Optimization of sampling and monitoring of vegetative flushing in citrus orchards
Citrus trees produce flushes throughout the year, but there are no criteria established for a precise shoot monitoring in orchards under tropical climate. Methods for quantification of flush dynamics would be useful for horticultural and pest management studies because different insect vectors feed and reproduce on flushes. We estimated the minimum number and distribution of trees for sampling and determined the flushing pattern over time in 'Valencia Late' orange trees grafted onto 'Swingle'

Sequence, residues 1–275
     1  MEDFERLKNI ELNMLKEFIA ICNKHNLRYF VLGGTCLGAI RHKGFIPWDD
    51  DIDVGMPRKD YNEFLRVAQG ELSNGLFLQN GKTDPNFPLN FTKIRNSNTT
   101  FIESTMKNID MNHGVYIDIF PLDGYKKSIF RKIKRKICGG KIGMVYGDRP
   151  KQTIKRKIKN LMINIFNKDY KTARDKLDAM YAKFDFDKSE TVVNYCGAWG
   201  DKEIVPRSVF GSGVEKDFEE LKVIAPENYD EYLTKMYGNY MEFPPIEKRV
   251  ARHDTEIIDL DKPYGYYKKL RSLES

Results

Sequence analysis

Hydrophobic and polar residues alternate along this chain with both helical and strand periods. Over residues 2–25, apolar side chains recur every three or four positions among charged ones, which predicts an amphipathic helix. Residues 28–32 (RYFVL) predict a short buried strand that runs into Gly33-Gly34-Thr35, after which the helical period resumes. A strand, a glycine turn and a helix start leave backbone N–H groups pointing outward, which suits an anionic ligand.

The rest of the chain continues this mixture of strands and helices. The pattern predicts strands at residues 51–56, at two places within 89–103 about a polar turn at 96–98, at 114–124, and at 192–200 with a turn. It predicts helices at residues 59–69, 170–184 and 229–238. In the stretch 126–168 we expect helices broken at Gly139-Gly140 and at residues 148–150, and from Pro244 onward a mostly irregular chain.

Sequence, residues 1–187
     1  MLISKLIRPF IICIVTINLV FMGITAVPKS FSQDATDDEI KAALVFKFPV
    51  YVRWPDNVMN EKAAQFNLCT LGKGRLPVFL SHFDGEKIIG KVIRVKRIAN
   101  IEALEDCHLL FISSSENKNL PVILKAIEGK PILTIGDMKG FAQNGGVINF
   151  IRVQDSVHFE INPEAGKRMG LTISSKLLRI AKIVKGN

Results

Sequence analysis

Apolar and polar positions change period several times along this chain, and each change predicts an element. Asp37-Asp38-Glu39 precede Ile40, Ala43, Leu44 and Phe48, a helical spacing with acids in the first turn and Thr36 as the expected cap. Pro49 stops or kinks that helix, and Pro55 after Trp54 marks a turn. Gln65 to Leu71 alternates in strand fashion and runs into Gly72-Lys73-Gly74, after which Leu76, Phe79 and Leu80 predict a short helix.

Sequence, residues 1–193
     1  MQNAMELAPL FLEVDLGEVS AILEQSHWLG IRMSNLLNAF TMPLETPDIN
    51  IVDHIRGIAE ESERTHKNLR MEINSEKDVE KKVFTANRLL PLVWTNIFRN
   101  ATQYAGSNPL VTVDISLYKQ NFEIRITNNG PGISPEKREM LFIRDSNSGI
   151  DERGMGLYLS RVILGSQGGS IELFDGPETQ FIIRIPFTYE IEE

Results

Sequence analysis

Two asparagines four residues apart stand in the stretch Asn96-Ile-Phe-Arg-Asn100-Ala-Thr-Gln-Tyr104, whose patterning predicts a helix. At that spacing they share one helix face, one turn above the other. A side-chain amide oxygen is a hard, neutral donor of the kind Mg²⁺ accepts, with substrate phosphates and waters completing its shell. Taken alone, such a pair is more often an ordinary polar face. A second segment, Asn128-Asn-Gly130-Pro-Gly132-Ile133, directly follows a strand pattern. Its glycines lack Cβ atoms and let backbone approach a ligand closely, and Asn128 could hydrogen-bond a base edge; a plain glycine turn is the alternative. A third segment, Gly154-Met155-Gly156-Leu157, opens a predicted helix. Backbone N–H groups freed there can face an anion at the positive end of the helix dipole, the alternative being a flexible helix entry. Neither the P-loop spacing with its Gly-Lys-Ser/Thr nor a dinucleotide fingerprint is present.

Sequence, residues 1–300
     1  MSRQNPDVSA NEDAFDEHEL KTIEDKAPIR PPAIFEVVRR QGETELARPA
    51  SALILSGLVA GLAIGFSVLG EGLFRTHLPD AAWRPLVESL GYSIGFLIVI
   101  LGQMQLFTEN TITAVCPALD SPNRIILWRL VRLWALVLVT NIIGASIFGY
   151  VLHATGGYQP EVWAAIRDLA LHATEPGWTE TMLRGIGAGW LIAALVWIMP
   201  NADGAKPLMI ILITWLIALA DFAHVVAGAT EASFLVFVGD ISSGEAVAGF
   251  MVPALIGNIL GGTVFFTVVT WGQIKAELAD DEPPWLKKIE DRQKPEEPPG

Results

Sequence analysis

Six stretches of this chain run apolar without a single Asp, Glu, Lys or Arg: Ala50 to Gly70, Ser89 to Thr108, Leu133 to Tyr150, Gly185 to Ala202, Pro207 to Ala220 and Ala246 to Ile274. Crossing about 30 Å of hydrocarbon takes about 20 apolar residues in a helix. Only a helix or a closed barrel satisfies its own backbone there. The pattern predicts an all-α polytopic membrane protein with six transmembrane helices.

... ed onto 'Swingle' citrumelo rootstock. Shoots within a square frame (0.25 m2) on two sides of the canopy were counted and classified by their phenological stage. The minimum number of samples was estimated using the mean number of shoots and area under the flush shoot dynamics (AUFSD). The temporal and spatial distribution analysis was performed by Taylor's power law and by multiple correspondence analysis (MCA). Additionally, a shoot maturity index (SMI) based on visual qualitative assessment of flushes is proposed. Considering the mean number of shoots, it was necessary to sample two sides of 16 trees to reach a relative sampling error (Er) of 25%, whereas by the AUFSD, only five trees were necessary to reach an Er of 10%. Flushes were predominantly randomly distributed over time and space. Testing eight transects, sampled trees should be distributed throughout the block, avoiding sampling concentration in a certain area. MCA showed that the west side and the upper sampling positions of trees were more likely to be associated with younger shoots. AUFSD and the evaluation of both sides of the canopy yielded a smaller number of trees to be assessed. The SMI was a reliable metric to estimate the shoot phenology of orange trees, and correlated well (R2 > 70%) with the mean number of shoots within the square frame. Therefore, SMI has the potential to make shoot monitoring in the field more practical.